Example; Costco

Costco is one of the largest resellers in the world though it does not bottle its own wine or own vineyards. Vineyards offer private label wines which Costco resells under its own label.


12) Revenue-sharing

In this business model, companies come together to make a product or provide a service, then share the revenues and risks. The revenue share is based on the contribution of specific partners or the costs/risks incurred.


Example; Groupon

Groupon, an online shopping discount e-commerce platform, promotes deals from (local) businesses and only allows a deal to go through when enough customers take it up. The company takes 50% of the resulting revenue from the sale.


13) Auction

A model in which a product or service is sold to the highest bidder. Customers that are willing to pay the highest price are selected through an auction. Auctions are mostly held online.

Example; Ebay

Ebay, an e-commerce platform, has auction services that allow sellers to sell their products on auction.


14) Bundling

A company sells multiple products together often at a discount instead of selling them separately. Even though bundling encourages customers to buy more, they may not be willing to pay more for additional bundled items and will be dissatisfied if a bundled item is taken away.

Example; Shopify

Shopify, an online e-commerce store, is known for bundling various products together to promote sales for its large number of businesses.


15) Business alliance

This is a model that involves several organizations coming together to achieve a common business goal. The collaboration may be to develop new products or services or cost reductions.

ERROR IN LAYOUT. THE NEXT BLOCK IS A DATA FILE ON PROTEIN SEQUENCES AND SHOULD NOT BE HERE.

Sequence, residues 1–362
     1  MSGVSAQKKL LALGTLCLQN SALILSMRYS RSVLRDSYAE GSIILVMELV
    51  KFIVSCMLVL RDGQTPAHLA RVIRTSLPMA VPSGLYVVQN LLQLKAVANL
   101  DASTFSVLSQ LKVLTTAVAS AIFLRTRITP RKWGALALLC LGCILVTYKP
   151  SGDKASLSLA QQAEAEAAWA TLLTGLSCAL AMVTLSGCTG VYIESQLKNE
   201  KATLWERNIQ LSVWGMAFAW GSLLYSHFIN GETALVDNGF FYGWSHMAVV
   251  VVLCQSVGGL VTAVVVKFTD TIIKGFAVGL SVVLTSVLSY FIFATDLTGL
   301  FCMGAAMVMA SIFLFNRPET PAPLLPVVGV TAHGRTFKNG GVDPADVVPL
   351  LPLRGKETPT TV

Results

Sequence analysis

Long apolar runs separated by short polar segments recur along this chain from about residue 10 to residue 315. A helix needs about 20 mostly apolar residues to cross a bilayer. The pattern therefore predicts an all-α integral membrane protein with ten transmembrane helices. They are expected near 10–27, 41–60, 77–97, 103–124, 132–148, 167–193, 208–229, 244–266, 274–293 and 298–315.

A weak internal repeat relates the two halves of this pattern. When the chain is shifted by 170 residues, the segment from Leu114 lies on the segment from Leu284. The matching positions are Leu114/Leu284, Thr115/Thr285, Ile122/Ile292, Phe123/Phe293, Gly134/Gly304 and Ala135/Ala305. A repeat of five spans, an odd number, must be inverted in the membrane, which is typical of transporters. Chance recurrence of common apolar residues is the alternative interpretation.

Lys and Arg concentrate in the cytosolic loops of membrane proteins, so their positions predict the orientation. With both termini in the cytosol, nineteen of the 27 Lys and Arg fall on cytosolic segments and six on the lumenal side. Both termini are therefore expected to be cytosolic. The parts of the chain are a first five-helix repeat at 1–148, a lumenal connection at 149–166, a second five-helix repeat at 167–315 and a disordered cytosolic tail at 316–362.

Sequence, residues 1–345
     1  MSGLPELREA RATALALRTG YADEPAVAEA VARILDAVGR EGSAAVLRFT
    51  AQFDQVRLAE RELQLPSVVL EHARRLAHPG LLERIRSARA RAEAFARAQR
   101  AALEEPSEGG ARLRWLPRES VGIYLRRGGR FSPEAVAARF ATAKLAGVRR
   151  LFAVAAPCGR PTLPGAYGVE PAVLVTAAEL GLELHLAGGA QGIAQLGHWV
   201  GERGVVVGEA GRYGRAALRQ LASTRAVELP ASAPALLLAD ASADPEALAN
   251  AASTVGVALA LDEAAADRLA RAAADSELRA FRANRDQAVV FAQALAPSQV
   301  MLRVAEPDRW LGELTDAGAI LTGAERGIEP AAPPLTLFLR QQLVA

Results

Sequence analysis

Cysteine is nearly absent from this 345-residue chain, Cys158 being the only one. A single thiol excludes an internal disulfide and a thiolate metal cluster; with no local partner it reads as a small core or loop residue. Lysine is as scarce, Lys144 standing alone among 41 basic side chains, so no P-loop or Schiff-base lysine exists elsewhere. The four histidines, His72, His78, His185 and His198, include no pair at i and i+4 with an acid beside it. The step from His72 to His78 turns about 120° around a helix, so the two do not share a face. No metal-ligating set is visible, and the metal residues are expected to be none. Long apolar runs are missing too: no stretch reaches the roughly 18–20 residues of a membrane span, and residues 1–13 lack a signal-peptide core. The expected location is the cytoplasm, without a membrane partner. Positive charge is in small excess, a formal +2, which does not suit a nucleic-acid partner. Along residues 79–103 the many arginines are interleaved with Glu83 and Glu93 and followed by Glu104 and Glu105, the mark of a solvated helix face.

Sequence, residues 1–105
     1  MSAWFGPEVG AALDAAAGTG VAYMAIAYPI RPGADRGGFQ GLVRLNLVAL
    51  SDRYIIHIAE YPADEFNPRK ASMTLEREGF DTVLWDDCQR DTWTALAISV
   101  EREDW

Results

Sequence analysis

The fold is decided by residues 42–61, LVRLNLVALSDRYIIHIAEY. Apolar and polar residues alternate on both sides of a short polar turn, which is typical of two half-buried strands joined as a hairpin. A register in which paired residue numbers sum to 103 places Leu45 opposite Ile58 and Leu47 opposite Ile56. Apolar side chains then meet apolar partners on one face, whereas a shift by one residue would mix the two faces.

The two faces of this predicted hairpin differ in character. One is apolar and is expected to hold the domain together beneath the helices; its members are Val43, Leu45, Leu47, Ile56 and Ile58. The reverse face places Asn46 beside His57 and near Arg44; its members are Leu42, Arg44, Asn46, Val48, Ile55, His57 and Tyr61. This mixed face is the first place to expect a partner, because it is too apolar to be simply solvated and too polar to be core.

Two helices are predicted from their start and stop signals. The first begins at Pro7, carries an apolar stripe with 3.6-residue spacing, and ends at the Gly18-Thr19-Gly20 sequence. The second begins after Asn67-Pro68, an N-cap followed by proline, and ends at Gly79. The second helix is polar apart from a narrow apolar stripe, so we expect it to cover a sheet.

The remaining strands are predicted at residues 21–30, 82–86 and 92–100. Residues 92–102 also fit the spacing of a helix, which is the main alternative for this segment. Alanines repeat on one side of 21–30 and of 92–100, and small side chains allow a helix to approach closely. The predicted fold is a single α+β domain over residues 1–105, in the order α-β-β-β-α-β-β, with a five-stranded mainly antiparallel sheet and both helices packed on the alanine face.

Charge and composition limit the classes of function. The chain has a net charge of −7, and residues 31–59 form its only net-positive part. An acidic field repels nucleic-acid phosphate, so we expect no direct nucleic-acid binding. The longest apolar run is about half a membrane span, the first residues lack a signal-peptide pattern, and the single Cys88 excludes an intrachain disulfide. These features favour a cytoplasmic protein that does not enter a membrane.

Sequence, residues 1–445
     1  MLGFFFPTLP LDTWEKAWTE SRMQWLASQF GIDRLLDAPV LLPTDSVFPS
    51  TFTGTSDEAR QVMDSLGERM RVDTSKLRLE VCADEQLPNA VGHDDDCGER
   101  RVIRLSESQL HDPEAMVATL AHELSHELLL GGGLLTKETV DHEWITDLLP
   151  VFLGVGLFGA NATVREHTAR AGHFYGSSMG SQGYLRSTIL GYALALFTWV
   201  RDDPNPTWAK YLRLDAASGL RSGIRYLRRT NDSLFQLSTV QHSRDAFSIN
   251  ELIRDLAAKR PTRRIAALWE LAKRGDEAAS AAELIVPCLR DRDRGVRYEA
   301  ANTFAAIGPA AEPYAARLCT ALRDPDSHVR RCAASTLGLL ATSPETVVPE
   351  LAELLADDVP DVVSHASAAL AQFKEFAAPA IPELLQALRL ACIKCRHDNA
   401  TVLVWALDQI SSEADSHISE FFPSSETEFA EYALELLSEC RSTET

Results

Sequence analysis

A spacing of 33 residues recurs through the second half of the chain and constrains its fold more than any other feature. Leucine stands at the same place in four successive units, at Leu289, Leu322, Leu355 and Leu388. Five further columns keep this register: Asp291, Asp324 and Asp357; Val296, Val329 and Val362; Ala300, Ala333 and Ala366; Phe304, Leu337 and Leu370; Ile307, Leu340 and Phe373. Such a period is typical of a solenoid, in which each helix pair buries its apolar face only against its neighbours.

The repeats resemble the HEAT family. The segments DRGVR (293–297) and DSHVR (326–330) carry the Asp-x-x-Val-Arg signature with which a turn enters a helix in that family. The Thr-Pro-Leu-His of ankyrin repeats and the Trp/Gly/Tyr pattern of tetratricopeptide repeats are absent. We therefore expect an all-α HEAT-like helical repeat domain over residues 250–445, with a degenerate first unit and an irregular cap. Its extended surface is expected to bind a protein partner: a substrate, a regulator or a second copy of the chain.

Example; Barnes & Noble Café

Barnes & Noble, an online bookstore, collaborated with Starbucks to create the Barnes & Noble Café after realizing that educated middle-class customers who visited Starbucks to drink latte were the same customers who bought their books. The alliance resulted in more sales for Barnes & Noble and Starbucks.

16) Franchising

This model involves the franchise, owner of a process, knowledge or trademark, giving the franchisee the licence to sell a product or service under the franchisers name. The franchiser in return receives a fixed fee and a percentage of the revenues generated.

Example; McDonald’s

McDonald’s a global franchising brand that has more than 80% of its restaurants owned and operated by franchisees. Franchisees pay an initial capital in cash and thereafter pay a percentage of the sales revenues.


17) Renting

A company receives income for temporary use of a product, service or property by another third party.

Example; Storefront

Storefront, the world’s largest marketplace for short-term retail spaces, provides rental spaces for supermarkets, cafes etc.



In conclusion, when deciding which business model is best for a wholesale/retail business it is important to consider all the business models mentioned in this article. When a business model matches the needs of the business, it results in efficient delivery of your product or service leading to increased customer loyalty and business growth.